Laena Myers “LUV (Songs of Yesterday)”

Taxi Gauche Records, 2024

Musically promiscuous LA scenester finally delivers her own story.

Laena Myers is an L.A. Session musician of renown, group member of purpose and authority and now, finally, a unique individual artist trading under her own name and showing the world her true colours, possibly. ‘LUV (Songs of Yesterday)’ is her first actual solo album after years of performing on other people’s records or in bands where she had varying degrees of responsibility for the sounds created. Her most widely known gig is probably as songwriter, singer and guitarist of post-punk Pitchfork darlings FEELS. She was also a cornerstone of Geffen signed The Like (who might just be the ultimate NEPO band, look ‘em up) as well as being the go-to-violinist on records by artists such as The Allah Las, Ty Segall, Shannon Lay and John Frusciante, among others.

The most extreme of all her previous projects was the uninhabitable electronic noise-jazz LP ‘Moon Drenched’ credited to John Dwyer and co. Dwyer is the man behind West Coast garage noiseniks The Ohsees and he and they are perhaps most renowned for having more band names than Pete Wylie, Mick Head and Daniel Romano combined. This shape-shifting has clearly rubbed off on our protagonist, who as well as her current incarnation has also gone by Laena Geronimo and Laena Myers-Ionita (LMI). She is clearly not kidding when she observes that she has “one of those brains that thrives on variety”. With her career to date being eclecticism incarnate, are we then to assume, given she is finally using her own name to release music, that what we have here is the truest, most honest / authentic representation of Myers the artist?

Is the direct and less embellished ‘LUV (Songs of Yesterday)’closer to the unadorned ‘Laena Myers’? The one who checks herself in the bathroom mirror every morning and likes nothing better than settling on the settee with her cats? Or maybe the gallivanting, wildly creative musical magpie is the real deal. We do get some of the free-form stylistic flirting on this record but it is entirely more coherent and focussed than her career to date might suggest. There are no goth-punk outbursts or 60s soul-pop interludes, the lacerating avant-garde violin scraping is absent and instead we are treated to a kind of low key front porch Patti Smith swapping Faye Webster’s beanie for Adrianne Lenker’s straw Stetson.

There is a kind of dream-like quality to the music here. It has heft but wears its different hats lightly, coming across as slight and introverted in places. The often fleeting melodies appear like blossoming condensation on a winter morning and sometimes you have to really make the effort to engage fully with them. It is worth the effort though as the songs come and go, bound together by found sounds (footsteps, birdsong…) and short instrumental passages into an engaging and lucid whole. The music is suffused with personality, it has rough textural surfaces and edges that catch our attention but also sometimes allows us to drift off into other spaces as it meanders in a slight, distracted way.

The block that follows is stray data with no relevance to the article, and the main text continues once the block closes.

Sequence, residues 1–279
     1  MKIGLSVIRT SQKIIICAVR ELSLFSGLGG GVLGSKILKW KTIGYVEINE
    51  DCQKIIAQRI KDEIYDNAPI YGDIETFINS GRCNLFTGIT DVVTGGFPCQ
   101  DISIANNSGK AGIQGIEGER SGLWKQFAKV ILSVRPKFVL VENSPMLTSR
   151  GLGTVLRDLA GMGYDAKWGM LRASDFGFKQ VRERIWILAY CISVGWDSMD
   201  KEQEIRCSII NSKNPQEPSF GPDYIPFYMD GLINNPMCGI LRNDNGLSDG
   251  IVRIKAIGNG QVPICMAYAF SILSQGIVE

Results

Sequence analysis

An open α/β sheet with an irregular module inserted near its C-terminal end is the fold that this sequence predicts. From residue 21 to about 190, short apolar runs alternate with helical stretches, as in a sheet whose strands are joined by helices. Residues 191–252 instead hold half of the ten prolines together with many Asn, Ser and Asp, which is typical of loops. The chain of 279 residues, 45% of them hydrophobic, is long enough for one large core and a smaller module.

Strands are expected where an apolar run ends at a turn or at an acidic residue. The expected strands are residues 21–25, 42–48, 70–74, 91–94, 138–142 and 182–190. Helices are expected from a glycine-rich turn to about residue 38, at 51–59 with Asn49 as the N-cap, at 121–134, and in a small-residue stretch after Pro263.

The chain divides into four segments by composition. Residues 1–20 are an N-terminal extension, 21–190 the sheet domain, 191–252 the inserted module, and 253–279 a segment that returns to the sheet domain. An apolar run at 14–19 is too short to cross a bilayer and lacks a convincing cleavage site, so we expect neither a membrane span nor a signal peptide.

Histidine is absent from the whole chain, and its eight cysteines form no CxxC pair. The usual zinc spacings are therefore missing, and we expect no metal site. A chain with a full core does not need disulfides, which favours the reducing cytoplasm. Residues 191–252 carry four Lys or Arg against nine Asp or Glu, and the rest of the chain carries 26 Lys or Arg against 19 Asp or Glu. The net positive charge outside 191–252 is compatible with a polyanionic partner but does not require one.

The songs on the record were all written by Myers over the course of the last decade and as such ‘LUV (Songs of Yesterday)’ is a highly personal record that represents the growth in her confidence as a writer. ‘The Choir’ is a gentle melancholy drifter with simple acoustic picking and a resonant violin scraping away to get our attention; together with ‘Bouquet’ we get a perfect expression of the contribution her violin playing makes to the album. ‘Splendor’ picks over the dry bones of PJ Harvey’s early records with the help of a fully functioning ‘tune-detector’ and there is an echo of Patti Smith in the catch of Myers’ voice in ‘Pulsar’. Most resonant of all perhaps is ‘Give ’em Hell’, which sounds like the Trinity Sessions minus the cavernous echo. In it Myers communicates tenderly yet powerfully (we get the Patti tinge again) about her recently passed father who urged his daughter to “Give ‘em hell, kid” before she stepped onto the stage. The song embodies the entire record’s spirit of courage and resilience.

The one real misstep is ‘kitchen humming’ where Myers’ growing confidence takes the record’s introspective unadornment too far with three minutes of spectral humming of the sort that might emanate from someone doing the washing up on a Sunday morning after a big but ultimately unhappy Saturday night. Even then though this remains true to the notion that the LP feels organic and unfiltered, grown rather than made, a natural and believable representation of Myers in 2024. It offers touches of spectral strangeness that if David Lynch were starting out on his career in 2024, would see him searching out Laena Myers as his next soundtrack supremo.

Ultimately, ‘LUV (Songs of Yesterday)’ is a precariously open and reflective LP. It engages with listeners in a tender way that is unafraid to be both vulnerable and optimistic. In doing so it offers an unfettered but carefully constructed depiction of an artist developing into a compelling writer and performer.


About Guy Lincoln 73 Articles
Americana, New Country, Alt-country, No Depression, Twangcore, Cow-punk, Neo-traditionalists, Countrypolitan... whatever.
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